“The music is not in the notes, but in the silence between.” ― Mozart
As a Creative Arts Therapist trained in Music Therapy, I feel very comfortable being in both the sound and silence of the therapy session. Whether the sounds are produced verbally or non-verbally, I experience the silent spaces in between as an important place to be; for both myself and my client.
The unique quality of the silence is that it integrates time and place. The silence in music is measurable in time and it is a place in which to be for an amount of time. Music contains the potential for both.
In Neuroscience: Idle minds, Kerri Smith writes: Raichle favors the idea that activity in the resting state helps the brain to stay organized. The connections between neurons are continually shifting as people age and learn, but humans maintain a sense of self throughout the upheaval.
Which self is being maintained?
My approach to therapy is based on a developmental, sensory model which says that from the time we’re in the womb we experience the world through our senses. Human beings are described as “sentient”. Sentient is defined as “having sensation or feeling”. As sensory beings, we cannot feel, perceive and experience without the information we get from our senses. This is then the basis of our associations, meanings and choices. In this way a self is formed.
A traumatic experience, especially one that occurs at an early age, shakes us up from the core. Our sense of self and the world we live in is shattered, meaning is lost. The work that takes place post trauma is a healing that involves rebuilding, reframing and redefining. Sometimes based on the age of the trauma survivor it means building, framing and defining for the first time.
When Raichle speaks of humans maintaining a sense of self throughout development, it is a non-traumatized self. The self that develops post trauma is the survivor self; brave, vigilant, protective, wounded.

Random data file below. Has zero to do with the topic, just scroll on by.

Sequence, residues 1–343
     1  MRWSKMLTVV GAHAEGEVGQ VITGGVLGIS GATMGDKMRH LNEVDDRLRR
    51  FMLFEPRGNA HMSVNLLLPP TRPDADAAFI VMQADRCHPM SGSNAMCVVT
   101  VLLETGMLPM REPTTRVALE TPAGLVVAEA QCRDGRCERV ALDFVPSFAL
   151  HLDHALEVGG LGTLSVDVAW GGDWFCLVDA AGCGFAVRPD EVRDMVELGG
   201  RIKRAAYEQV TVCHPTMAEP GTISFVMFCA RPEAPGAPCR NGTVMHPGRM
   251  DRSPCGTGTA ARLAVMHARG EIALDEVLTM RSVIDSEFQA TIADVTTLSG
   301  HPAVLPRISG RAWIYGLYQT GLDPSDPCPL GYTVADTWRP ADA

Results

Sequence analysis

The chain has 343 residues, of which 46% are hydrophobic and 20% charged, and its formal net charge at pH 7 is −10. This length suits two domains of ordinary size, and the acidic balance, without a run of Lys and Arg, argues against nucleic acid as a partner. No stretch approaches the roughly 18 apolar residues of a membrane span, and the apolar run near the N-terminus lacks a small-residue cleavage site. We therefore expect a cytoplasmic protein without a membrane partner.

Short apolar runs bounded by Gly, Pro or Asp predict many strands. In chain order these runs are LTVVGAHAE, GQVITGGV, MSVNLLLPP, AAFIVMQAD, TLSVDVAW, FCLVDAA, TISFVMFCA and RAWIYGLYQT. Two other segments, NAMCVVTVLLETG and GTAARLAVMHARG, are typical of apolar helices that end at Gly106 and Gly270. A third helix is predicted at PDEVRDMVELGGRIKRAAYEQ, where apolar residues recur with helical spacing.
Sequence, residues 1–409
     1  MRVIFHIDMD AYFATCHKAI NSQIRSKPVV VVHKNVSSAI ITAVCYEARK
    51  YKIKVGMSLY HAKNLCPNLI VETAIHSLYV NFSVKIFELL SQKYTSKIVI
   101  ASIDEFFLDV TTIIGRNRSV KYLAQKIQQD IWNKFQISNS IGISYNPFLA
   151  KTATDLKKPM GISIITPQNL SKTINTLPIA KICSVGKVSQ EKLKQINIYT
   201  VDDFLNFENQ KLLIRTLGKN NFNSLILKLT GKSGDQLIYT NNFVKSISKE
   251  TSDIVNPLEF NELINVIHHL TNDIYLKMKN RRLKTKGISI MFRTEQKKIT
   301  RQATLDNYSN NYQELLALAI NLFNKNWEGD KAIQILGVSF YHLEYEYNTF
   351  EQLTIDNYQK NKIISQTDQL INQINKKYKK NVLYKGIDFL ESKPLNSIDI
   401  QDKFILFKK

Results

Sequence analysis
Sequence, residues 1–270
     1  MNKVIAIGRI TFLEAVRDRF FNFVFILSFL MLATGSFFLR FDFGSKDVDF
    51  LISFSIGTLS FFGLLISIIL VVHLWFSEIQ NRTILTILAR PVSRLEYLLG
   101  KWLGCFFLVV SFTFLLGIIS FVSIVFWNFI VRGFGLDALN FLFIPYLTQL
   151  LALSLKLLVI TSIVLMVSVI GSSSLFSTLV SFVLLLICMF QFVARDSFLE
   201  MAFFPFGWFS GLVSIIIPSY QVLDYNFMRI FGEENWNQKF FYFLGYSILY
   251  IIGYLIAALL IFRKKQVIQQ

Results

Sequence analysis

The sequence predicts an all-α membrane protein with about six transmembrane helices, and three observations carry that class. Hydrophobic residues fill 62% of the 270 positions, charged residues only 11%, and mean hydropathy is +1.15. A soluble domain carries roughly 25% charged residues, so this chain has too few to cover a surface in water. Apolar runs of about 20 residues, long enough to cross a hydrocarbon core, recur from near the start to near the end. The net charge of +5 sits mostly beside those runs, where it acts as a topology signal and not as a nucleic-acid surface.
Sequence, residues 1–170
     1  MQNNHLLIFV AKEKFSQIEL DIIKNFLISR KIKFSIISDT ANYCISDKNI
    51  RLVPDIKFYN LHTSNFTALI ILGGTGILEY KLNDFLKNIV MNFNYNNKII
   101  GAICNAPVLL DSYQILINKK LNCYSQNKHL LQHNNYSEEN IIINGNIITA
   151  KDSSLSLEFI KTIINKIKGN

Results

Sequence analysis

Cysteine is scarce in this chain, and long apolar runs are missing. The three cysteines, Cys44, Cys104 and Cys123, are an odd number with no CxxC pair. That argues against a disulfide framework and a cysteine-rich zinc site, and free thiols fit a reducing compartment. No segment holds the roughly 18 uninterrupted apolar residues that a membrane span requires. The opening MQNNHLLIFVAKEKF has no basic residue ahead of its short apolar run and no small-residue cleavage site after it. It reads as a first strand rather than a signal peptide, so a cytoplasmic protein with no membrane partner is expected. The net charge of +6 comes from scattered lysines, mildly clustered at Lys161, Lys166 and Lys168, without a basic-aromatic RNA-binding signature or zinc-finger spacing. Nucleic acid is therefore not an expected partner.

How can music be part of a trauma survivors healing?
Music without words is the sensory container in which the self can realign and merge anew. Within the structure of music, with its clear beginning, middle and end, the boundaries of the container are formed. The size of the container is determined by the complexity of the musical elements found in the piece; how many melodic voices (all instrumental) are used, how many instruments, how many changes in harmony, tempo and rhythm and how much tension is experienced before the anticipated resolution, all influence the size and space of the music container within which the therapy work takes place.
The moments of silence and pause allow the individual the breathing space to experience that resting state that helps the brain to organize.
It is within this sensory environment that the healing takes place. The individual is held by the music and the therapeutic environment and can experience the self in safe way. The information is processed, new neuron connections are formed, and the individual has the opportunity to create new associations, new meanings, at the same time as making sense of some of the older ones.
Inspiration for the post title – That Place of Rest. The Pause, can be found here